Running a startup involves taking on many responsibilities. Making sure your employees remain as enthusiastic about your goals as possible is one of them.
Unfortunately, your workers may not always share your drive and passion. Some managers believe that simply leveraging positive emotions is the key to fixing this problem. They believe that workers who are engaged feel both inspired and invigorated.
It’s a fair assumption to make, but one that may not be completely accurate. According to Gallup, research indicates that simply measuring an employee’s happiness (and taking steps to maximize it) isn’t enough to generate the kind of engagement that translates to achieving business goals.
Gallup concludes that true engagement develops when managers focus on “concrete performance management activities, such as clarifying work expectations and getting people what they need to do their work.”
Rather than prioritizing a culture where everyone in the office feels at ease, businesses should prioritize understanding how employee engagement relates to measurable and trackable performance metrics. Upper management should also ensure team leaders are taking a data-driven approach to engagement through either continuous performance management review software or other tools and techniques.
This doesn’t mean managers should place unrealistic expectations on their employees. It’s been well-documented that workplace stress does not contribute to improved performance. On the other hand, it’s also important not to treat employees too gently. You need to strike the right balance between the two.
Making your expectations known and taking steps to actively measure and track the progress of your team as it works towards a goal is still essential. Employees must be held accountable if they are failing to live up to your expectations.
You just need to make sure you aren’t putting staff under so much pressure that their work actually suffers as a result. A management approach based on emotional intelligence can help.
What You Need to Know About Emotional Intelligence & Management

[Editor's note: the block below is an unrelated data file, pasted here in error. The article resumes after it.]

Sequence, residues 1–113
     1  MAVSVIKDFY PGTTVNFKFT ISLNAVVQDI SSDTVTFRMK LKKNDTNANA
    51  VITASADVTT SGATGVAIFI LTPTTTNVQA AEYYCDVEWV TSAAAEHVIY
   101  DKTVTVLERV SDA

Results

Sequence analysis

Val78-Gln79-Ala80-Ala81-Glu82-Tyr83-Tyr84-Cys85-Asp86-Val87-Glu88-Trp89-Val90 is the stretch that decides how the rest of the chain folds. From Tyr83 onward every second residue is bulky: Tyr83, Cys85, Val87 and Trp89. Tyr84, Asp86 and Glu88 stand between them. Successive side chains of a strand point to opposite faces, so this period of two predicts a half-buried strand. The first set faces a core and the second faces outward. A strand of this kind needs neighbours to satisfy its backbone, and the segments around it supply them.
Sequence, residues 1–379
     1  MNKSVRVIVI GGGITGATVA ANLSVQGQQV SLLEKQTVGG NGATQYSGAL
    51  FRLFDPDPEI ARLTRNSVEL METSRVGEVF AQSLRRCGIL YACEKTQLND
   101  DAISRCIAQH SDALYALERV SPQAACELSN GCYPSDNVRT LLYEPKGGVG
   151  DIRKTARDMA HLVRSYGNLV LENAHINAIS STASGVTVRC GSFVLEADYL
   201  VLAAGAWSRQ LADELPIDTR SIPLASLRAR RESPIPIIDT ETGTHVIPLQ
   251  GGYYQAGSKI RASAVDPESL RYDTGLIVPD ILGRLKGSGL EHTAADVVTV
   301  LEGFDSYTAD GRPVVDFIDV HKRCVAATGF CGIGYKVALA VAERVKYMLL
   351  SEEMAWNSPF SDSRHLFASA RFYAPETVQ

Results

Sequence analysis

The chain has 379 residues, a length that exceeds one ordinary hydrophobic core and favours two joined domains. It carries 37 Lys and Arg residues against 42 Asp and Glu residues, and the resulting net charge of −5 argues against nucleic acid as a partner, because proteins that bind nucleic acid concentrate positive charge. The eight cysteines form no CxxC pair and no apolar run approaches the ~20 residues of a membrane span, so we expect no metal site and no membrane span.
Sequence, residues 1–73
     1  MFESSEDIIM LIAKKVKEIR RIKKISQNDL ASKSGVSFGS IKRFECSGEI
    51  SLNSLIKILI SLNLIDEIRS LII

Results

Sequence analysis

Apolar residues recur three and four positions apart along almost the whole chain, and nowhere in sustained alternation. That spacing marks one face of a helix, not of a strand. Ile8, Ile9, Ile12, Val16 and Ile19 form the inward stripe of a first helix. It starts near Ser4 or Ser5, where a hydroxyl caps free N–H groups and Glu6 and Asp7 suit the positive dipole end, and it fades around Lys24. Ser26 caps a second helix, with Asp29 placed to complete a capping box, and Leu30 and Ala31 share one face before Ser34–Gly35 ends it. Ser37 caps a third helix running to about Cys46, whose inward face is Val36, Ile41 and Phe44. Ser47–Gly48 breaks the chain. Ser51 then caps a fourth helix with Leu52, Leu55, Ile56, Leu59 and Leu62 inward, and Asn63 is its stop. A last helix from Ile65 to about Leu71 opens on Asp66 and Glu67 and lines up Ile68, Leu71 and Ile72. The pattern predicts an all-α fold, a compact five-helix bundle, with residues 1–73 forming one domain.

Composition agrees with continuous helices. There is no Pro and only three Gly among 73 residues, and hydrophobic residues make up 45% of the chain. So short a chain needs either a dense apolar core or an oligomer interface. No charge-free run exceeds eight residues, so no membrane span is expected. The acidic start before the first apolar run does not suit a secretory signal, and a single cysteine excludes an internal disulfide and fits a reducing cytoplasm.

As the name implies, this type of management style simply involves applying the principles of emotional intelligence to boost employee satisfaction, motivation, and overall engagement.
Managers using this approach strive to offer their team members an experience that involves:
- A sense of autonomy
- A feeling of competence
- A sense of their work being related to the broader work of the organization
- A sense of being connected with a community of fellow employees
The third point is especially important to keep in mind. Depending on what type of organization you work for, there’s a good chance that your team’s work may seem somewhat disconnected from the finished product.
For example, if your company was developing a new smartphone, the group whose role involves selecting or designing the right material for the touchscreen may forget how their involvement contributes to the overall customer experience.
That’s why it’s important to tie your immediate objectives to the broader goals of the company. You want your employees to know that when they achieve a goal, they haven’t just met an arbitrary requirement; they’ve actually made a difference. Recognizing workers for their contributions can have a major impact on engagement.
That’s because, as some experts have pointed out, a certain degree of “love” is often key to engaging disheartened employees. This means fostering a sentiment of warm, positive personal connection with one’s work, peers, and yes, supervisor. Specifically, managers want employees to have the following emotional experiences:
- The belief that a supervisor genuinely cares about an their well-being and opportunities for personal growth
- A sense that staff are valued and appreciated
- The feeling that members of the team share strong emotional bonds
This type of positive emotional experience can help workers sustain their enthusiasm when stress might otherwise make it difficult to perform.
Again, while you don’t want your employees to feel paralyzed by your demands, holding them accountable will result in some degree of healthy stress. If they’re made to feel that they’re actually helping the company achieve a major goal, and that both their supervisor and their colleagues support them in a genuinely caring way, they’ll remain engaged every step of the way.